Playing college rugby today costs more than those days on broken glass fields. There are club dues, conference fees, registration fees, referee fees, equipment, travel, in some cases facility rental and social fees. The days of fundraising through parties are gone.
NSCRO holds championships in 15s and 7s for men and women. Providing that college experience takes time and costs money. It is a college experience these students are appreciative of and enjoy the path leading to it. That experience stays with them for a lifetime. Imagine how you will feel when you say to your friends my old college rugby club is playing for the National Championship or made it to the finals of a regional qualifying tournament. It’s a win-win.
I am asking those who had the college rugby experience to help the next generation of college rugby players have that experience. First, donate to NSCRO to help us grow college rugby and keep this experience moving forward. Next reconnect with your old college rugby brothers and sisters and form a college rugby alumni group to raise money and give back to your college rugby club and to keep supporting NSCRO.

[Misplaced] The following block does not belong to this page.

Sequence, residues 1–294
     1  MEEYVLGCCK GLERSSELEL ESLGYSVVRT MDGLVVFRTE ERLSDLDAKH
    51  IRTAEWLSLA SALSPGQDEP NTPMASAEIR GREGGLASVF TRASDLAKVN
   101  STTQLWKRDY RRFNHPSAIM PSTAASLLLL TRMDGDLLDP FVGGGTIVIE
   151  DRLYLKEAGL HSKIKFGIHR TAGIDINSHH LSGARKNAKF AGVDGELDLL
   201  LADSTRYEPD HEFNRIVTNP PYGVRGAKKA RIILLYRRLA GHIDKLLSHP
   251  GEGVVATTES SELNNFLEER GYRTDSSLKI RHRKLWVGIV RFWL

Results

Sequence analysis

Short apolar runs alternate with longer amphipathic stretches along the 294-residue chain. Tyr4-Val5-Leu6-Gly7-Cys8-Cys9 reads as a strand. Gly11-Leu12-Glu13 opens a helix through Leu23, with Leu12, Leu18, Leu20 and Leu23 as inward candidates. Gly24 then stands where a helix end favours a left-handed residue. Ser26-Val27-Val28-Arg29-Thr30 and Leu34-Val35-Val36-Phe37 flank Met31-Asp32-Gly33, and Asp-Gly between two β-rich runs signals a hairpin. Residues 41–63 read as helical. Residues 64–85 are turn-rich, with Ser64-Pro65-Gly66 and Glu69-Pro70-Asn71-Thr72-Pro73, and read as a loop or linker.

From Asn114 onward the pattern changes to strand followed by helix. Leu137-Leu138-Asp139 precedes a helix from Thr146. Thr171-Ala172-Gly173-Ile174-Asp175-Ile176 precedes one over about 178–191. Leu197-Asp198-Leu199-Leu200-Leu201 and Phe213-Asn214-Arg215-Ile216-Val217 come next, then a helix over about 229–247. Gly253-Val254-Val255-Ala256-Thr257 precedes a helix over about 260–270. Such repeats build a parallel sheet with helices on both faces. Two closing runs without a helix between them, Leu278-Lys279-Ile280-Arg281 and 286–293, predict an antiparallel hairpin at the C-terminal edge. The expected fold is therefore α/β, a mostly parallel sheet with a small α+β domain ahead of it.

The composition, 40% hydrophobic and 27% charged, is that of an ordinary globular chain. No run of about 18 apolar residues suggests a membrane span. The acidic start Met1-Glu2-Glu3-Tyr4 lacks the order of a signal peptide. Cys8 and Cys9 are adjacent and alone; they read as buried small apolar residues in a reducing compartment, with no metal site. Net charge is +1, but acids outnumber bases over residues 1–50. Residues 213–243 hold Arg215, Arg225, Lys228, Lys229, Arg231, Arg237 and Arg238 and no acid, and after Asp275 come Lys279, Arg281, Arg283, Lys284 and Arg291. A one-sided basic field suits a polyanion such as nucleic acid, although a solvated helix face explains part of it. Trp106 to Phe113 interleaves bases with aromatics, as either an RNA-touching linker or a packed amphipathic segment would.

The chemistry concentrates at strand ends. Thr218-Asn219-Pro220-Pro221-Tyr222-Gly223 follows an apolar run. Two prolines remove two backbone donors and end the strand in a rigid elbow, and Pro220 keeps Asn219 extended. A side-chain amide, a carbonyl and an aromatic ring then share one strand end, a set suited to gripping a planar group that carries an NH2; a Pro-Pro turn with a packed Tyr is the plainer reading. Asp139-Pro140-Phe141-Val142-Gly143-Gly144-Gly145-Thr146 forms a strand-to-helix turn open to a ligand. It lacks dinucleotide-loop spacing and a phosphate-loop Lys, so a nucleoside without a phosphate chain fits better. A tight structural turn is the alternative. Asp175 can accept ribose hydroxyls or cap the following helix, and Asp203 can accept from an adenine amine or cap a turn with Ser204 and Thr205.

So, next year, I expect to see the college rugby alumni in Philly at the CRCs cheering for your school in the NSCRO Men’s 7s National Championship made better because of you giving back and helping provide for a better college rugby future for your school.
NSCRO and your school’s rugby club will be very appreciative of your support!
Latest Championship News
Click on image for a larger view